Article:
SB 352 - This act creates the Missouri Criminal Enterprise Act.
Under this act, a person commits a Class B felony offense of racketeering if he or she participates in the affairs of an enterprise through a pattern of racketeering activity or the collection of an unlawful debt, acquires an interest in an enterprise or property through a pattern of racketeering activity, or has received any proceeds derived from a pattern of racketeering activity and uses the proceeds to acquire, establish, or operate any enterprise or real property. It is also a Class B felony offense of racketeering to conspire or attempt to commit the offense. The Attorney General may commence criminal racketeering actions.
Any person found guilty of racketeering, through which the person derived pecuniary value, or by which the person caused personal injury or property damage or other loss, may be sentenced to pay a fine of up to three times the gross value gained or gross loss caused, whichever is the greater. The person may also be fined court costs and the reasonably incurred costs of investigation and prosecution, as determined by the court.
This act allows the Attorney General to institute civil proceedings to provide relief and enjoin violations of racketeering. If the Attorney General proves the alleged violation by a preponderance of the evidence and the court has made due provision for the rights of innocent persons, the court may issue appropriate orders and judgments. This act provides a non-exhaustive list of the dispositions the court may make.
Under this act, all property, real or personal, used in the course of, intended for use in the course of, derived from, or realized through racketeering is subject to civil forfeiture pursuant to the Criminal Activity Forfeiture Act.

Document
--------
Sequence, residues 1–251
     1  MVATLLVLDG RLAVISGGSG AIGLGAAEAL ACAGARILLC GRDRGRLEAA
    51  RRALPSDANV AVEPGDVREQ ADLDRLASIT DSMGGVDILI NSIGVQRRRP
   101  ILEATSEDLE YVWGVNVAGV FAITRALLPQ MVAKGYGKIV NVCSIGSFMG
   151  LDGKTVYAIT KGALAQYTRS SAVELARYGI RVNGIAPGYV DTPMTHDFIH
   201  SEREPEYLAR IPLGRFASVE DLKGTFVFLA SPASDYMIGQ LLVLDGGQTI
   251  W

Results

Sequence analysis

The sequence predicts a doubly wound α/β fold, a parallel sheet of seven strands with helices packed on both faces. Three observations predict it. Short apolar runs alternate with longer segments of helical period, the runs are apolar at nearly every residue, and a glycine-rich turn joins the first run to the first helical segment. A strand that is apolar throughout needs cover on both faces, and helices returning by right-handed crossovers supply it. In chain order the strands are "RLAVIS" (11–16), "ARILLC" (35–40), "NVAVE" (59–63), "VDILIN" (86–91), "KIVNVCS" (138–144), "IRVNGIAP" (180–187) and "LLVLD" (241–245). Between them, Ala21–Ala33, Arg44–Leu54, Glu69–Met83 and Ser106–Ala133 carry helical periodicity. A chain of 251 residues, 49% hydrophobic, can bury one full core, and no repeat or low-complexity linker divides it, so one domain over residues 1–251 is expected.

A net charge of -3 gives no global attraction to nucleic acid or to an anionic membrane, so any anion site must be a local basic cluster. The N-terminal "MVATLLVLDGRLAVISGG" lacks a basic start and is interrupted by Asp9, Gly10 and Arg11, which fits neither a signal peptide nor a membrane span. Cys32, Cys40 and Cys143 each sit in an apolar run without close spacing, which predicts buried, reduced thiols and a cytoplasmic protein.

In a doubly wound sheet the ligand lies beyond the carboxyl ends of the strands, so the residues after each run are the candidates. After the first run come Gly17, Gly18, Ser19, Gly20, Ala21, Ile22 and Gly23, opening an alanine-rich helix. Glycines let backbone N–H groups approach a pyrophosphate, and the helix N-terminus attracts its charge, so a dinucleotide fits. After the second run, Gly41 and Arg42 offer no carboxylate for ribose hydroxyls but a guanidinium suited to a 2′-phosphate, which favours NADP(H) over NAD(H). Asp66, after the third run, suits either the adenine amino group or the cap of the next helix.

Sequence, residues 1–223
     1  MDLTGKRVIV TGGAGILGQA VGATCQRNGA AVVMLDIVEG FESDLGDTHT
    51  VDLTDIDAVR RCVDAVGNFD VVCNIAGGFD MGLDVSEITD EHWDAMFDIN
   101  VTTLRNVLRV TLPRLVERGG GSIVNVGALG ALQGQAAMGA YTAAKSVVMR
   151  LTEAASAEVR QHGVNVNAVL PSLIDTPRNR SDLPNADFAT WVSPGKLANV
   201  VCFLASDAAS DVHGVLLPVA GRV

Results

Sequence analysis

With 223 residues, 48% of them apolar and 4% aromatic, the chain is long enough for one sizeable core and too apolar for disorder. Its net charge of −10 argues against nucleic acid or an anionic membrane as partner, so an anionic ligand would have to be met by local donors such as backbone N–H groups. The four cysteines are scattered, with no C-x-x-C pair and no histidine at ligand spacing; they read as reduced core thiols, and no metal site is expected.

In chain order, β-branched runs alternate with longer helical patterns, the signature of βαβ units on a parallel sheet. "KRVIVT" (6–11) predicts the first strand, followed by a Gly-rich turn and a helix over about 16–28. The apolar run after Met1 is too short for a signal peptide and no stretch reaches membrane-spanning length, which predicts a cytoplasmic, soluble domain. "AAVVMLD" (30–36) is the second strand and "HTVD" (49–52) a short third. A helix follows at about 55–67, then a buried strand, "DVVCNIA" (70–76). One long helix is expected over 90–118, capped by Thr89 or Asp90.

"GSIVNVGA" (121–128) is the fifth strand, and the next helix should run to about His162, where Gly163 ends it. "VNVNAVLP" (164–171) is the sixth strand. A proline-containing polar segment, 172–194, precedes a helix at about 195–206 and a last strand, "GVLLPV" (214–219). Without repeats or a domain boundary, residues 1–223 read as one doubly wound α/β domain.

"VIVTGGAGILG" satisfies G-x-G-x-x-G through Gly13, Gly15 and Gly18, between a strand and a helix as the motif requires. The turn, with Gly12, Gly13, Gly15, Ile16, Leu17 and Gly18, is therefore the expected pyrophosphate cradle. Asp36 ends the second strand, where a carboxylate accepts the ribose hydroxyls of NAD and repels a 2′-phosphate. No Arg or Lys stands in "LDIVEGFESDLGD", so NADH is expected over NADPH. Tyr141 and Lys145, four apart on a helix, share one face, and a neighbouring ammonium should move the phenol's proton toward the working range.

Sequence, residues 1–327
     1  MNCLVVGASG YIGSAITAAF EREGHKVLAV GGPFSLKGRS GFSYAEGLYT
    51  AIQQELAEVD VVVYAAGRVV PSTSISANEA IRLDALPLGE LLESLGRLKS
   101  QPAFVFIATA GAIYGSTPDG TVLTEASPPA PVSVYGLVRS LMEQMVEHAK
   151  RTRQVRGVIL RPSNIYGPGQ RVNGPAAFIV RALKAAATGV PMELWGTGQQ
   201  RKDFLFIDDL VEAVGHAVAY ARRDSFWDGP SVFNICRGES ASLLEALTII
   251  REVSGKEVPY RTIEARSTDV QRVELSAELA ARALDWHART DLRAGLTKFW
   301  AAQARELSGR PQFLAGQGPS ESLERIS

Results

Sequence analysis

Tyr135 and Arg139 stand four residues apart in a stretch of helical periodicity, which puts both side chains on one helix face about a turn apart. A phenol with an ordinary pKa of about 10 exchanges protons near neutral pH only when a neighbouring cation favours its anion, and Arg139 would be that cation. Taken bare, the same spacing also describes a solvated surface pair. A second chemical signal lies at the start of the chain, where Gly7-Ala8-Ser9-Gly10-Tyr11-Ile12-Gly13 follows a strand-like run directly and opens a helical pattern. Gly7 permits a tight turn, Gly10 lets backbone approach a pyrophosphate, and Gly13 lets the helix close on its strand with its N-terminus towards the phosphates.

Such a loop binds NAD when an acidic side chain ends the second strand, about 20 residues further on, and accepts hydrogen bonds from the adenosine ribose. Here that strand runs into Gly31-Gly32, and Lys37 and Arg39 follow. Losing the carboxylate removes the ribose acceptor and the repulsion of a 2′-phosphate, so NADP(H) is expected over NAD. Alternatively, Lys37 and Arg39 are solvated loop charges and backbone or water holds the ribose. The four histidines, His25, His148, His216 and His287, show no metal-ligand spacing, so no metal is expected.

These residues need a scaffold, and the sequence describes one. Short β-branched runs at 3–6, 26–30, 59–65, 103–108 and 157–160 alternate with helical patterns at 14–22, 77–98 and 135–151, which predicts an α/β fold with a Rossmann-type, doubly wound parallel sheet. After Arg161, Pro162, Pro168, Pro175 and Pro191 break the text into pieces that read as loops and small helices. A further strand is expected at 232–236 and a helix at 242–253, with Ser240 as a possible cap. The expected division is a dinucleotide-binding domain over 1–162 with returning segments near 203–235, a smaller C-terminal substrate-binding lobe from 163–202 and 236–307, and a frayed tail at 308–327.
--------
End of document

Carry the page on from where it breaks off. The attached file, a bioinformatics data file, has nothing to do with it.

This act gives the Attorney General authority to investigate racketeering. The Attorney General may subpoena witnesses before the commencement of any civil or criminal proceeding, and may compel the attendance of witnesses, examine witnesses under oath, require the production of evidence or documentary materials, and require answers to written interrogatories to be furnished under oath.
This act makes it a Class D felony until December 31, 2016, and a Class E felony beginning January 1, 2017, for a person to knowingly move, conceal, withhold, destroy, mutilate, alter, or falsify any documentary material that is the subject of a demand by the Attorney General with the intent to avoid, evade, prevent or obstruct compliance with an investigative demand of the Attorney General.
In the event a witness subpoenaed under this section fails or refuses to appear, or to produce documentary materials, or to give testimony relevant or material to an investigation, the Attorney General may petition the circuit court in the county where the witness resides for an order requiring the witness to attend and testify, or to produce the documentary materials. Any failure or refusal by the witness to obey an order of the court may be punishable by the court as contempt.
This act provides definitions for "documentary materials", "enterprise", "pattern of racketeering activity", "personal property", "racketeering", "real property", and "unlawful debt".